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Title: Influence of elevation and forest type on community assemblage and species distribution of shrews in the central and southern Appalachian Mountains
Author: Ford, W. Mark; McCay, Timothy S.; Menzel, Michael A.; Webster, W. David; Greenberg, Cathryn H.; Pagels, John F.; Merritt, Joseph F.
Publication: In: Merritt, J. F.; Churchfield, S.; Hutterner, R.; Sheftel, B. I., eds. Advances in Biology of Shrews: International Society of Shrew Biologists. Carnegie Museum of Natutral History: Pittsburgh, PA: 303-315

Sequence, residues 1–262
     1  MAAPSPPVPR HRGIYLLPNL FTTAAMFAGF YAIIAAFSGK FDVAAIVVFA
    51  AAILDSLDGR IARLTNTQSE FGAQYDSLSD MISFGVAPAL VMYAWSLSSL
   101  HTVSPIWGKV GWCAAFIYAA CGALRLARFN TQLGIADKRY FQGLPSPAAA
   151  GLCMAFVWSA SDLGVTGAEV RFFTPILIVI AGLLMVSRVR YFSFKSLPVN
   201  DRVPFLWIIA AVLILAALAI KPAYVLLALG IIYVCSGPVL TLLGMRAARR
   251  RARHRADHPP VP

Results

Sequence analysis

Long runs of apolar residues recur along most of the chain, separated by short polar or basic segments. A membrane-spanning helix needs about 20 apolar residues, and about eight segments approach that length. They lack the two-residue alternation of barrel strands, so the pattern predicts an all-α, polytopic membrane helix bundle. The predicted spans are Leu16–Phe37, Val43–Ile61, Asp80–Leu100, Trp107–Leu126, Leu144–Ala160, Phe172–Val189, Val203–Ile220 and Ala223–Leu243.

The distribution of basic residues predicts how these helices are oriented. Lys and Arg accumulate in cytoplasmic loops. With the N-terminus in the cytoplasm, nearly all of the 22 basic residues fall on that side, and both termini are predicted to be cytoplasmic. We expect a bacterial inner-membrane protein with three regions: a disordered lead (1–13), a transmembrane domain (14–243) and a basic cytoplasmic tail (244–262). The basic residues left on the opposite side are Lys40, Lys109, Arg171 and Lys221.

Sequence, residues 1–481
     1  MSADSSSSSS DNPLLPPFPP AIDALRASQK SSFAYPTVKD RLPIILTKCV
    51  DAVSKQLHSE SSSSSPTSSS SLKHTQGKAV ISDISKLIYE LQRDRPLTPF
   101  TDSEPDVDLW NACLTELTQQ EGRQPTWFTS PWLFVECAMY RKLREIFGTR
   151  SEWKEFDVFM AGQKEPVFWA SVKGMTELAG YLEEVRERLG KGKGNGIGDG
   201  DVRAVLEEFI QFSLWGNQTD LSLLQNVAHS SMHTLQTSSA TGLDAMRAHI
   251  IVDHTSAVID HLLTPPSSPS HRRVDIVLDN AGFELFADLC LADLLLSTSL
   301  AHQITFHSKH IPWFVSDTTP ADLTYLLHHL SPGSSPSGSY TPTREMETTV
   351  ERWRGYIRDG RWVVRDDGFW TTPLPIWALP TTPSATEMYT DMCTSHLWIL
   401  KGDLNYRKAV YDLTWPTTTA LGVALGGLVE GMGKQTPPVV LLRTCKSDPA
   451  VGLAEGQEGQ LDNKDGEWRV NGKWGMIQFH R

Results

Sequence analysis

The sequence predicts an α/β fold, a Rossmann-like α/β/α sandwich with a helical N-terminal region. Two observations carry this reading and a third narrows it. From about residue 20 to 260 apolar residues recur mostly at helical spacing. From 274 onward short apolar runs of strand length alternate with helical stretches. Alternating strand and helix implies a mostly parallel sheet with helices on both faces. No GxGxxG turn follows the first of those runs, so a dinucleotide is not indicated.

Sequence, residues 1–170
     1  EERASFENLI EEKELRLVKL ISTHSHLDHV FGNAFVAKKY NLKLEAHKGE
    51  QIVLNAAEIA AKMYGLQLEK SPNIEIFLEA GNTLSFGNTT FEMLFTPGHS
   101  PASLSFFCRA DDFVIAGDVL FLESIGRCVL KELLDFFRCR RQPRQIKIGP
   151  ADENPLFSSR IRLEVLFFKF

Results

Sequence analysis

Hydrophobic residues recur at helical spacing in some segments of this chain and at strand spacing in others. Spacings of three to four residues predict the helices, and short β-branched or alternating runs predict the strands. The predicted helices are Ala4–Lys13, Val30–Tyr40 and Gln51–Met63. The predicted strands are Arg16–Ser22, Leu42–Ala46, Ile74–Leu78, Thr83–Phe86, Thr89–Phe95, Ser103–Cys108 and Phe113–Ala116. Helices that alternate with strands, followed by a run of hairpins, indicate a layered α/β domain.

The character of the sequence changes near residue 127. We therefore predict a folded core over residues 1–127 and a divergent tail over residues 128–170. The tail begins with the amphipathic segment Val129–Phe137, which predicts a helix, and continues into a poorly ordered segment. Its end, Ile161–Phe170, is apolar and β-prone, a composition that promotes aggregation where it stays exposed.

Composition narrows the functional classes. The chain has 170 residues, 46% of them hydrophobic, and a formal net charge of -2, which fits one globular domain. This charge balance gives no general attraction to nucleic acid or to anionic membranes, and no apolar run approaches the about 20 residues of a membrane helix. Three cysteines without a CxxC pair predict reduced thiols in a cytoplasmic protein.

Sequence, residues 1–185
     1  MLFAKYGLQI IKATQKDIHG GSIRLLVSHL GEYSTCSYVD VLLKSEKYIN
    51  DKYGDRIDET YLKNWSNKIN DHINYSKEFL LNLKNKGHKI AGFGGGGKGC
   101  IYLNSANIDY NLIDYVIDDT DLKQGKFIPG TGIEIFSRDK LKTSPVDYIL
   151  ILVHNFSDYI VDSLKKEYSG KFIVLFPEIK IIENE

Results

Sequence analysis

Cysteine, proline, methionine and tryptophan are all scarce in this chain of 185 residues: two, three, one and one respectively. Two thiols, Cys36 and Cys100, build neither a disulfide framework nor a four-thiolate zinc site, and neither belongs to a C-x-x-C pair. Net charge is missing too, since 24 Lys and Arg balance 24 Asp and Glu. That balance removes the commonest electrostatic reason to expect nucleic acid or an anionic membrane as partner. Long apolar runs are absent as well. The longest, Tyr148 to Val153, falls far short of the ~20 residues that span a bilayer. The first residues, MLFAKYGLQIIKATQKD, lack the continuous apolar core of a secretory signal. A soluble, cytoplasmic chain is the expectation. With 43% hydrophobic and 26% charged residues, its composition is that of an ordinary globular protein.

Abstract: We analyzed shrew community data from 398,832 pitfall trapnights at 303 sites across the upper Piedmont, Blue Ridge, northern Ridge and Valley, southern Ridge and Valley, Cumberland Plateau and Allegheny Mountains and Plateau sections of the central and southern Appalachian Mountains from Alabama to Pennsylvania. The objectives of our research were to describe regional species distributions and to identify macro-environmental factors important to shrews at both the community and individual species scales. Our study documented the presence of nine species with a low of three in the southern Ridge and Valley section to a high of eight in the Blue Ridge section where the Appalachian, Austral and Boreomontane fauna elements converge. Region-wide, shrew species richness was related to increasing elevation and was higher in mesic forest types than in xeric types. Conformity to expected distribution of shrew bodysize (small, medium and large) appropriate for the central and southern Appalachian species pool showed no relationship to elevation gradients. However, xeric forest types conformed to a balanced assemblage of size classes less than expected. Among individual species, presence of masked shrew (Sorex cinereus) and smoky shrew (Sorex fumeus) was associated strongly with increasing elevation and mesic forests, whereas presence of southeastern shrew (Sorex longirostris) and southern short-tailed shrew (Blarina carolinensis) showed an opposite trend with elevation and forest type. The strong relationships we documented between presence of these four species with elevation and forest type facilitated reliable predictive habitat modeling. Conversely, the presence of pygmy shrew (Sorex hoyi) and northern short-tailed shrew (BLarina brevicauda) was not linked to forest type and only weakly linked to increasing elevation. Our analyses failed to produce meaningful relationshps about extreme habitat specialists documented by our survey, the rock shrew (Sorex dispar) associated with colluvial talus, the water shrew (Sorex palustris) associated with high-gradient streams, and the least shrew (Cryptotis parva) associated with oldfields and early sucessional habitats.
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